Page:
Reflecting on the “Seven Deadly Sins (and Writing)” Series

On The Writer’s Lens, I recently finished up a seven-episode series on the Seven Deadly Sins. You may (or may not) know them as Envy, Gluttony, Lust, Wrath, Greed, Sloth, and Pride.

And since I’m a writer, I covered how each of these famous vices pertains to writing. But I didn’t do it as a means to talk about how to avoid common grammar mistakes or haphazard editing. Rather, I wanted to cover how each of these sins can affect our mindset and our motivations. The entire exercise turned out to be a real punch in the gut. For the sake of transparency, here’s a few of the things I learned (and re-learned) from doing this series:

Nobody is immune to selfishness 

As much as we try to cultivate a selfless mindset, we are always going to feel that draw towards self preservation. It’s ingrained in our DNA. But that doesn’t mean we have to accept that and continue to indulge the impulse. Each of the Seven Deadly Sins exposes how human beings lean into their own well being before they consider another’s. And while our self preservation isn’t inherently a bad thing, it can certainly spiral out of control quickly if left unchecked.

Taking that into our creative pursuits, it can truly become a hindrance. Many times I’ve thought I had the right answer and found out later, I didn’t. Why? Because I was giving into Pride (I thought I didn’t need help); I was giving into Gluttony (I was in love with my own work); I was giving into Greed (money is no object, even to the point of bad spending) or I was giving into Envy (I wanted to be better than the next guy rather that looking at what I had to offer).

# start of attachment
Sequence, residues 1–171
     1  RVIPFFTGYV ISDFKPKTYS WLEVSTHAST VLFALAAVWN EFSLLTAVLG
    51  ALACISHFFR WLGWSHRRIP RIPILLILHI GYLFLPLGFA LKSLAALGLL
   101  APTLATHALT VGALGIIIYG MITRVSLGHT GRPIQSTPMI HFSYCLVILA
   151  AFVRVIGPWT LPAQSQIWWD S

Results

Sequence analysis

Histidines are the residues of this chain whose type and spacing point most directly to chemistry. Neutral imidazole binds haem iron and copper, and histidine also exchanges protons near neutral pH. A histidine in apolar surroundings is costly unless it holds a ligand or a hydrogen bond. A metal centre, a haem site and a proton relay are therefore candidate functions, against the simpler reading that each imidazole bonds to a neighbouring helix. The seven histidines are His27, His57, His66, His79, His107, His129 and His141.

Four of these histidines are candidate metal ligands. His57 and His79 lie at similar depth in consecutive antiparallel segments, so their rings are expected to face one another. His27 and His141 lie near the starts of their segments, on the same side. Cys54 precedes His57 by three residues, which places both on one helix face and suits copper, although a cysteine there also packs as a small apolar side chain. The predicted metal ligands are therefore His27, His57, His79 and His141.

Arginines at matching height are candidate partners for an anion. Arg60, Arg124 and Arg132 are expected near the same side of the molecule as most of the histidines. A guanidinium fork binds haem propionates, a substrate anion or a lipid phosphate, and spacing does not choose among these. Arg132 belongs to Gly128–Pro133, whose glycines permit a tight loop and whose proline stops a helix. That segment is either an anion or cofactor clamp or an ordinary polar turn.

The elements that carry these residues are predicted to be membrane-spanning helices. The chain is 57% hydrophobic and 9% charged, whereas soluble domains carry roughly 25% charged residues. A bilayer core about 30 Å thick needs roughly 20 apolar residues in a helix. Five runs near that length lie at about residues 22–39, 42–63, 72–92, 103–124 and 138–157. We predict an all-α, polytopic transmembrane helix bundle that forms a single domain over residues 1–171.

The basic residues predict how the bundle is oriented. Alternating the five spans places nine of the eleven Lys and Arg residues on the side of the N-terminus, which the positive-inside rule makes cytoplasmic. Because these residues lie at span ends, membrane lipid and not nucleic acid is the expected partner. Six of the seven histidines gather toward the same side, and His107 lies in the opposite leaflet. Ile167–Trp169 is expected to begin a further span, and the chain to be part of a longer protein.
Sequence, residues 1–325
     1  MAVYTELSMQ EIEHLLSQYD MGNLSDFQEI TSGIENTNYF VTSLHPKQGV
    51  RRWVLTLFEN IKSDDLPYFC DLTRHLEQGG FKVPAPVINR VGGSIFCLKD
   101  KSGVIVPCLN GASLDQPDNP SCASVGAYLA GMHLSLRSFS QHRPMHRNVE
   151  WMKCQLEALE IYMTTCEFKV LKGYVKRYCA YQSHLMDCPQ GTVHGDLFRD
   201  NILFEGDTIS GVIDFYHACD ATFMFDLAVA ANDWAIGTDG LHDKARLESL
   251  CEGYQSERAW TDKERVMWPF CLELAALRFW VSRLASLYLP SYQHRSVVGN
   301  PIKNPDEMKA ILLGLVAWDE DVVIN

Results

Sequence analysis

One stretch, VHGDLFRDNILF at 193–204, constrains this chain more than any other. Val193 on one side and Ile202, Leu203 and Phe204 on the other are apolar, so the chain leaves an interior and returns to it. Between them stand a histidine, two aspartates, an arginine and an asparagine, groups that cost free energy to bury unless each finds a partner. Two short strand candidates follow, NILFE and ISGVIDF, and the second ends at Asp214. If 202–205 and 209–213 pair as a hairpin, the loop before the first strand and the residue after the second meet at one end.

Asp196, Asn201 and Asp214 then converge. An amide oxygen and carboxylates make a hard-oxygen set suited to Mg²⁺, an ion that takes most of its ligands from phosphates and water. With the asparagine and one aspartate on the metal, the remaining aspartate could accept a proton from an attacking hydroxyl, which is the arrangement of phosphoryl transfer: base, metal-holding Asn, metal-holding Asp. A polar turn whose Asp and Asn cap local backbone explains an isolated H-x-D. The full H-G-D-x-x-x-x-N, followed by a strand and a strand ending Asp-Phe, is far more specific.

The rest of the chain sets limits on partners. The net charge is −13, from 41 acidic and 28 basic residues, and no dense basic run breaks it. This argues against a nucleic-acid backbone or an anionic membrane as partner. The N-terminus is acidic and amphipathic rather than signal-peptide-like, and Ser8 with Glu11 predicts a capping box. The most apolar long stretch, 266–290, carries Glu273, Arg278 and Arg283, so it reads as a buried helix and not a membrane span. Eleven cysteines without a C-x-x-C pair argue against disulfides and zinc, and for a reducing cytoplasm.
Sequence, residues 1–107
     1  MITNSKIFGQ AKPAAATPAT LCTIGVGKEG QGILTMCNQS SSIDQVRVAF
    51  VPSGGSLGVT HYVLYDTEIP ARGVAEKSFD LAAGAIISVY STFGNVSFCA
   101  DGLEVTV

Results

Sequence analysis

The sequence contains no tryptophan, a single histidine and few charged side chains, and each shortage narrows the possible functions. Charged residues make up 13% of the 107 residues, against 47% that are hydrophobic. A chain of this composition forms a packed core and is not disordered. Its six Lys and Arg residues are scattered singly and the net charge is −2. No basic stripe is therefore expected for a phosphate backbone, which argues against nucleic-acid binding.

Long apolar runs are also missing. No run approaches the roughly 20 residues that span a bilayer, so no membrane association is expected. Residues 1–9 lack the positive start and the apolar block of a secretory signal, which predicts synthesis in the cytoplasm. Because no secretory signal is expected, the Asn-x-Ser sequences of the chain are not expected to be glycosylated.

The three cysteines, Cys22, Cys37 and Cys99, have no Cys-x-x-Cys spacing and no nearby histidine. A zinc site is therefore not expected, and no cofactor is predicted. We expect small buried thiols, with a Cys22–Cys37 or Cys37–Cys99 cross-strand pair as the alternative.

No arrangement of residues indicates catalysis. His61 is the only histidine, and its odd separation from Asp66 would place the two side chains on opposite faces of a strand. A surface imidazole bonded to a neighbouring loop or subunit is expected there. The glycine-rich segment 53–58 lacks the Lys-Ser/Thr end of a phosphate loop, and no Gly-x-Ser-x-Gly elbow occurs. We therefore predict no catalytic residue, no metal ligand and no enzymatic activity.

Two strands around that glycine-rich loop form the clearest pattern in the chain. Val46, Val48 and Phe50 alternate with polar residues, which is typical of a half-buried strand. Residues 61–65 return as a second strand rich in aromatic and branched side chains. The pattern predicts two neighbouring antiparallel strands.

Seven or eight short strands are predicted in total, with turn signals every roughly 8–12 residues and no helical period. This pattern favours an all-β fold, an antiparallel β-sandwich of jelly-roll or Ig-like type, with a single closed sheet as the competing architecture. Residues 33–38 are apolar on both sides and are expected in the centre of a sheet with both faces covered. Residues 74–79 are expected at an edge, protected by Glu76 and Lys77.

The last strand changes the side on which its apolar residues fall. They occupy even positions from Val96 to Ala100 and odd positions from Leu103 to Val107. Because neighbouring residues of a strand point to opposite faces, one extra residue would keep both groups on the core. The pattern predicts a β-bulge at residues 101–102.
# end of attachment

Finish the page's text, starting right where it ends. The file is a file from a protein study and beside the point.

Being selfish gets all of us. Because it’s in all of us from the start.

Creative gifts are best used when they are used for others

Writing can be purely therapeutic. There’s no intent to share with anyone else. And that’s fine. But when it comes to writing for an audience, the connection we are trying to achieve shouldn’t be centered on personal gratification alone. Our message is meant to inspire, if not challenge, those who have yet to hear it.

Recently I had been feeling defeated in my creative journey. My podcast had been growing, but my writing and published work had slid. I was beginning to feel like I was not performing well due to a Sloth-like attitude. My Shadow of Mars project, for instance, has been repeatedly pushed back for creative reasons and honestly, from getting distracted too often.

But then something really amazing happened. Someone reached out to me with a note of encouragement that said what I was doing was inspiring. That was enough to put wind back in my sails – just what I needed to hear when my spirits were low.

What we produce matters. It matters to us, but it might matter even more to someone else.

No matter who you are, there is always someone doing it better (and faster too)